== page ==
Research from the School of Economic and Business Sciences at the University of Witwatersrand has highlighted why the country needs to establish a national minimum wage.
South Africa’s current minimum wage legislation covers employees in three main ways:
- Through sectoral determination, where government has placed a minimum wage in sectors where workers are particularly vulnerable – such as domestic workers, or farm workers.
- Through collective bargaining, where trade unions and employers set the standard, which is then established across an entire sector.
- And through company-level collective bargaining between unions and employers – though this often sets the actual, not minimum wage for workers.
According to the researchers, while these established forms of minimum wage has served workers well – especially in promoting collective bargaining – historically it has been difficult to enforce.
Previous research showed that as many as 45% of workers are paid below the established minimum wage.
Further, sectoral determination excludes about 1 million workers who are not represented by collective bargaining – and often set lower wages for sectors that primarily employ women, younger workers, migrant workers, and people with disabilities.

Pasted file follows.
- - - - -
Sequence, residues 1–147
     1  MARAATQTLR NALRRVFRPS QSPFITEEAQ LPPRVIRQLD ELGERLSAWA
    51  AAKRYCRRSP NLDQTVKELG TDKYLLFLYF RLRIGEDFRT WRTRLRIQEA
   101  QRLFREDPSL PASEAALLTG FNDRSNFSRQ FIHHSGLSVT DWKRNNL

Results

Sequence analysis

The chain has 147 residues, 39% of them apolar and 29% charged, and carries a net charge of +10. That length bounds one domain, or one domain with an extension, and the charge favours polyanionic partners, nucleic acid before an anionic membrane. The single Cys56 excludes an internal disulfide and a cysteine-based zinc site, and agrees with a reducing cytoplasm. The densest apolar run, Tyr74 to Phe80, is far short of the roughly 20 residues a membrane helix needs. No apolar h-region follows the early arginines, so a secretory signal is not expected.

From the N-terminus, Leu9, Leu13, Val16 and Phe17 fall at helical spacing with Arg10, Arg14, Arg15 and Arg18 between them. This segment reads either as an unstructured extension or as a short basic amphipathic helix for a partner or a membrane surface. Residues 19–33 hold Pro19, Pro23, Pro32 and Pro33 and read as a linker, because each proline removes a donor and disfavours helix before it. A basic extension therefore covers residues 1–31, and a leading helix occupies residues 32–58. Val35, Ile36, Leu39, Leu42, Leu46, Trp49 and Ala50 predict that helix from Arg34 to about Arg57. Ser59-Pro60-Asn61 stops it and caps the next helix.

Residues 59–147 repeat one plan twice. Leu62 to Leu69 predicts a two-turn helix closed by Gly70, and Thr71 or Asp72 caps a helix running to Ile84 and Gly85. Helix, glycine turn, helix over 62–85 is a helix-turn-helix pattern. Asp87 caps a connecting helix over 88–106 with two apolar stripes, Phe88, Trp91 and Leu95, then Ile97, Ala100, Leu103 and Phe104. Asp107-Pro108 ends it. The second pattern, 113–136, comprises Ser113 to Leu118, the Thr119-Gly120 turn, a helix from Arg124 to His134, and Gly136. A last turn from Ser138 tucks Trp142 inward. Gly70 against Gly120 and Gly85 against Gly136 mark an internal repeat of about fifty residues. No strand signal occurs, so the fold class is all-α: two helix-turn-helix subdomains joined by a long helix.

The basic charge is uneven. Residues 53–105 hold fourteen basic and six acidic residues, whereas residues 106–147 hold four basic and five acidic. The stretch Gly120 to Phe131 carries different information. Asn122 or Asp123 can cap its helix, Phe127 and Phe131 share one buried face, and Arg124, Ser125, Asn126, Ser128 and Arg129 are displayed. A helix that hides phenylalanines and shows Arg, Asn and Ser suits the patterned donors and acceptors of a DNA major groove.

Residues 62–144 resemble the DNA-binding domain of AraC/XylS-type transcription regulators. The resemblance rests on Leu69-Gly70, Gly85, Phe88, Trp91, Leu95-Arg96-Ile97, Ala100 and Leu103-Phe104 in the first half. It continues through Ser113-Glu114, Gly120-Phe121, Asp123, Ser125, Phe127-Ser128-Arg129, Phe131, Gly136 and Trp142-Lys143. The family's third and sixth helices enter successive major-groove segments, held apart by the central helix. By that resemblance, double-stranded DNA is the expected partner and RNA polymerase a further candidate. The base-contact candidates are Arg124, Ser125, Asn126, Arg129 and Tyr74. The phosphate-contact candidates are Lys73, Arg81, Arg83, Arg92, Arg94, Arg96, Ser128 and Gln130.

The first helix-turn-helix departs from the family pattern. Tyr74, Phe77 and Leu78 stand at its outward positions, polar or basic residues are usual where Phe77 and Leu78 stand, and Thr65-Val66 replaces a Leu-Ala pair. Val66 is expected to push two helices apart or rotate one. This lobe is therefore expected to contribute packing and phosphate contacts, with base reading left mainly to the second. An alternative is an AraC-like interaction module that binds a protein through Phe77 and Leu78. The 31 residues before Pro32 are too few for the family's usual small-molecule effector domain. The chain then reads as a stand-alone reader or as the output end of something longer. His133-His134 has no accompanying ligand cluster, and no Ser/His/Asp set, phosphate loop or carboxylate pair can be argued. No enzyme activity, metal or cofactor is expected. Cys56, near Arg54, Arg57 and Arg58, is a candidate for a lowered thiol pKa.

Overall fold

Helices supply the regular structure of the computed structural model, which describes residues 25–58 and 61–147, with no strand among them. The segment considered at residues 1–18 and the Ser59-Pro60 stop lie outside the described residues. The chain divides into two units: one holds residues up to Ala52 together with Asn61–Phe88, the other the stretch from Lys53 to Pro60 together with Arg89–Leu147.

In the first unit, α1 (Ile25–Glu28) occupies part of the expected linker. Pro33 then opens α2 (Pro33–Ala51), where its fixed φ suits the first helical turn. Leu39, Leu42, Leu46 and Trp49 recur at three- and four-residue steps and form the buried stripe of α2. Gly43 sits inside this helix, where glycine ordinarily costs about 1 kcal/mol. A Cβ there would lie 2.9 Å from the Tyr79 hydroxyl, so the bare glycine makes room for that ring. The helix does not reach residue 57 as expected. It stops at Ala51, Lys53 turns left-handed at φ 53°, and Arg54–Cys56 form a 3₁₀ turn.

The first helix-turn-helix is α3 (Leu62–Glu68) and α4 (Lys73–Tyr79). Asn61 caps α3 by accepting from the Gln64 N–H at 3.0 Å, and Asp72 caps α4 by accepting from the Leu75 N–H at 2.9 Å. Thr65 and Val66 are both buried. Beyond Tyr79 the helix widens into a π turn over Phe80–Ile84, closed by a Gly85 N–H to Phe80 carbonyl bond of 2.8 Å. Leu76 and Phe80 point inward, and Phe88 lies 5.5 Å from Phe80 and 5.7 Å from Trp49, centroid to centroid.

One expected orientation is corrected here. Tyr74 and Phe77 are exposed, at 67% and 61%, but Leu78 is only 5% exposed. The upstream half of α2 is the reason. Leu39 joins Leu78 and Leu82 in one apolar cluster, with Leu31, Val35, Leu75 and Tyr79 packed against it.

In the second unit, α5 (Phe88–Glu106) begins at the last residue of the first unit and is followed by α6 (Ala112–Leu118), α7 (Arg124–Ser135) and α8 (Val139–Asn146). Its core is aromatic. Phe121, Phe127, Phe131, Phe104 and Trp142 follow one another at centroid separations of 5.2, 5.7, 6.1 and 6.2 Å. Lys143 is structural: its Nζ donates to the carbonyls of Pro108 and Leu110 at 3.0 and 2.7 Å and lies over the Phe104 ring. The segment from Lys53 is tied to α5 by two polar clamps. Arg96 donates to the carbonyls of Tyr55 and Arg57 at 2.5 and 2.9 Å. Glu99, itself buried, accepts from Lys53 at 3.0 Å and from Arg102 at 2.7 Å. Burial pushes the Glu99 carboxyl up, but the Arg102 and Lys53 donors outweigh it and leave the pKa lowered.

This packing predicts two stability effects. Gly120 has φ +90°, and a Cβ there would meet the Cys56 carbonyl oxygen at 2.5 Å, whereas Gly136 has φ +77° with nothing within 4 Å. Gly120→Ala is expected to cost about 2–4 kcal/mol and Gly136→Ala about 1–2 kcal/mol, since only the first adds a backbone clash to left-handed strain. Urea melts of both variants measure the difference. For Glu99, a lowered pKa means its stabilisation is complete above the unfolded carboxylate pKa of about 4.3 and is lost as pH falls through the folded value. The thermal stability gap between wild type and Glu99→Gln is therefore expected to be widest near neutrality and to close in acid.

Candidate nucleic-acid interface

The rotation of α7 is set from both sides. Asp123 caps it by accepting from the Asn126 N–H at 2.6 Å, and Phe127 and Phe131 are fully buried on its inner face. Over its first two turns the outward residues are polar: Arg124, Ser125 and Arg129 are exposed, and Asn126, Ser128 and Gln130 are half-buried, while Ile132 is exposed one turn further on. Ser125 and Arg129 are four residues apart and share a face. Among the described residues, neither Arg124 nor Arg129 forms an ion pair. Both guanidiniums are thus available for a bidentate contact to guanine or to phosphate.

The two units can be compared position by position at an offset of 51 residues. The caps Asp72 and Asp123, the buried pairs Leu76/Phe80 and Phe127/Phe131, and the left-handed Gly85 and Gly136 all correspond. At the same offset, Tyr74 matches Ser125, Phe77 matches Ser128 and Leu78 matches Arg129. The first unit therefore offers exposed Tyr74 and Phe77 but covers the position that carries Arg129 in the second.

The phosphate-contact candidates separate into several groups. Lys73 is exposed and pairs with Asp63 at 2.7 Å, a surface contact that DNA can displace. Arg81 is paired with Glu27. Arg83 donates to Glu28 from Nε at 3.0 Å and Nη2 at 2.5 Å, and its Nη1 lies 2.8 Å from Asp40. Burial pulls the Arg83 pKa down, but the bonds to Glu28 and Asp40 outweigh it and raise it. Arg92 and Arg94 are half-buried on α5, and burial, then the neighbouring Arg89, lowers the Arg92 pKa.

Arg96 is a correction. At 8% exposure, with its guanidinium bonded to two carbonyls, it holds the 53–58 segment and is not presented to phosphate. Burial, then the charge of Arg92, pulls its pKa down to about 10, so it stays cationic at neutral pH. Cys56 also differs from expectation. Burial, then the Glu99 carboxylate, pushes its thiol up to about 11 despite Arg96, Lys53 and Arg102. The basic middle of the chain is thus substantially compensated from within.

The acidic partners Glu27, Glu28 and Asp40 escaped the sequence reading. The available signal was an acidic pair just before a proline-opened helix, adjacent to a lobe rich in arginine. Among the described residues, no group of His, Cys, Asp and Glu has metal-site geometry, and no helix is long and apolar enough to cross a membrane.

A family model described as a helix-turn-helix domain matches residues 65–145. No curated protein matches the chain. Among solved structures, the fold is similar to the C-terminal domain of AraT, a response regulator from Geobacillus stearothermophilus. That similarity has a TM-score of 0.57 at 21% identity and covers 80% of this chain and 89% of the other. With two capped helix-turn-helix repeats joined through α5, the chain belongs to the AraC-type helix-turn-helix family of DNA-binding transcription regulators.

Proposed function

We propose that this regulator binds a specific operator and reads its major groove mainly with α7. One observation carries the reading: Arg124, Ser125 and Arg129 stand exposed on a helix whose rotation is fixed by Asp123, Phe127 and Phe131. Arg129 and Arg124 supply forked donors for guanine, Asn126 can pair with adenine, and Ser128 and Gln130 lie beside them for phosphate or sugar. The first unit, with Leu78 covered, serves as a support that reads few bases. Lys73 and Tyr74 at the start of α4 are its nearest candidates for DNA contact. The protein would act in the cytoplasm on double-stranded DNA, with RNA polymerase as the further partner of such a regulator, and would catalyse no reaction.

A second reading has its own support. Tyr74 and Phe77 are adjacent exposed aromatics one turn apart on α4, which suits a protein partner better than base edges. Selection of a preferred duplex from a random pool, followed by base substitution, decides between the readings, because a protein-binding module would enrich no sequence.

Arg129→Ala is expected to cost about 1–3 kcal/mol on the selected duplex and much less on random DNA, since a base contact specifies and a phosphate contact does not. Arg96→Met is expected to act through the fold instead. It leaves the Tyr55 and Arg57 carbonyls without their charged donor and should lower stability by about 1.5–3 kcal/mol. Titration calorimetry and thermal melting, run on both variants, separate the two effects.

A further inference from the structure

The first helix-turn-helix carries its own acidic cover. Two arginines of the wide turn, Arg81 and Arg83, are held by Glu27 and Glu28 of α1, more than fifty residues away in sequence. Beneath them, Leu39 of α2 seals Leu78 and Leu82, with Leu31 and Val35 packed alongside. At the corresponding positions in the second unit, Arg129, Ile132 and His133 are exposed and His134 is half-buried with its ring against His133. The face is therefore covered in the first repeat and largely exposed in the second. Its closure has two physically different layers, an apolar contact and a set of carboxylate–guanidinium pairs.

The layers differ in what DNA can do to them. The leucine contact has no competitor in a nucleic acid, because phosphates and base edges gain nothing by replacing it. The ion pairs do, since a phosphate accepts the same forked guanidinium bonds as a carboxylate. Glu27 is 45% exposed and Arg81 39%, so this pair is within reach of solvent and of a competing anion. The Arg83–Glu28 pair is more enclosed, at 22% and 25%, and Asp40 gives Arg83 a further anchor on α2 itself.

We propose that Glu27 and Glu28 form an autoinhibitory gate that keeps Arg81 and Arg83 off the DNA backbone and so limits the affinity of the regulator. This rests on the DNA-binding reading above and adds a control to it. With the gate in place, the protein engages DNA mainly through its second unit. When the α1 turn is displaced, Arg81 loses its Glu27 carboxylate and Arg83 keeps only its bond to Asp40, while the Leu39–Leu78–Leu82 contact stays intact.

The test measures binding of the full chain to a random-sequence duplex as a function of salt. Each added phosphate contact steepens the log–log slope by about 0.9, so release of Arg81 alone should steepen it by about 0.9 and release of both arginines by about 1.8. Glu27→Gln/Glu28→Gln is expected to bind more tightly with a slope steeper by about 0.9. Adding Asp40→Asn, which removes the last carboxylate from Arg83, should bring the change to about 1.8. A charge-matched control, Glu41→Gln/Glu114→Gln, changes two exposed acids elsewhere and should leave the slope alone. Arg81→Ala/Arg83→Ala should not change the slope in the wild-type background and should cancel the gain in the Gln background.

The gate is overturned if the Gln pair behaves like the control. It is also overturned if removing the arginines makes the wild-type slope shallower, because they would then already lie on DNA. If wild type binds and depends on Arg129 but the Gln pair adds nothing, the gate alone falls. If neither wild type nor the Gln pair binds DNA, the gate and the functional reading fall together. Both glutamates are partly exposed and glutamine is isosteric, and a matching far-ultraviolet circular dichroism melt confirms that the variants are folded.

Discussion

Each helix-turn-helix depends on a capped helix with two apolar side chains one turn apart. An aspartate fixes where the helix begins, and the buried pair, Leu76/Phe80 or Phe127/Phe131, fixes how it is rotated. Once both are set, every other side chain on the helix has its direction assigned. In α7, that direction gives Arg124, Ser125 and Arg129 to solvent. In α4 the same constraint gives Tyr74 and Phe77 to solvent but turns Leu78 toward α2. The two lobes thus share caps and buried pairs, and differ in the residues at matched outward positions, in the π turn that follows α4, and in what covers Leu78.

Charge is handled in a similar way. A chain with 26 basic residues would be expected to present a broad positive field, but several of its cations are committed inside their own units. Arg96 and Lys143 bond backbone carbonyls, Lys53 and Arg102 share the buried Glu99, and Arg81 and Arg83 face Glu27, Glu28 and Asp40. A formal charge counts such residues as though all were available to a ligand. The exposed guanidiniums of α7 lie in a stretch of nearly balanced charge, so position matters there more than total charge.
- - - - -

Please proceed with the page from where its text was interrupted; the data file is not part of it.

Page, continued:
Thus, the researchers argue that a national minimum wage would simplify the complexities of the country’s current system – which has 124 wage schedules – and would promote an ‘equal pay for work of equal value’ standard among workers.
The big problem
According to research done by the CSID, across all employees in the country, the average wage is R8,669. However, 50% of workers earn below R3,640.
In the formal sector (excluding agricultural and domestic work), the average is higher at R10,275 – but still, 50% of workers earn below R4,680.
Highlighting the problem, the researchers point out that the estimated cost of essential food and non-food items needed to survive is R1,319 for one person – and R5,276 for a household of four.
Compare these figures to the average minimum wage in the country – which is between R2,360 and R2,730 in sectoral determinations and private sector bargaining councils, respectively – and you will see how dire the situation is for some.
Data from Economists.co.za shows that the lowest minimum wage set by government for domestic workers is at R1,813, and private security guards can expect even less at R1,805.
At these lowest levels, a primary breadwinner for a family of four would not be able to care for their family.
Even the highest-paid workers on minimum wage – civil engineers – would only take home R4,460, well below the R5,276 household cost.
It should be noted that the proposed national minimum wage would be to establish the lowest level which people could get paid, and would still allow industry sectors to determine fair levels through collective bargaining.
Globally, 155 countries have determined minimum wages on a national or sector basis. At least 52% of these countries have not adjusted their minimum wages for at least two years, Economists.co.za said.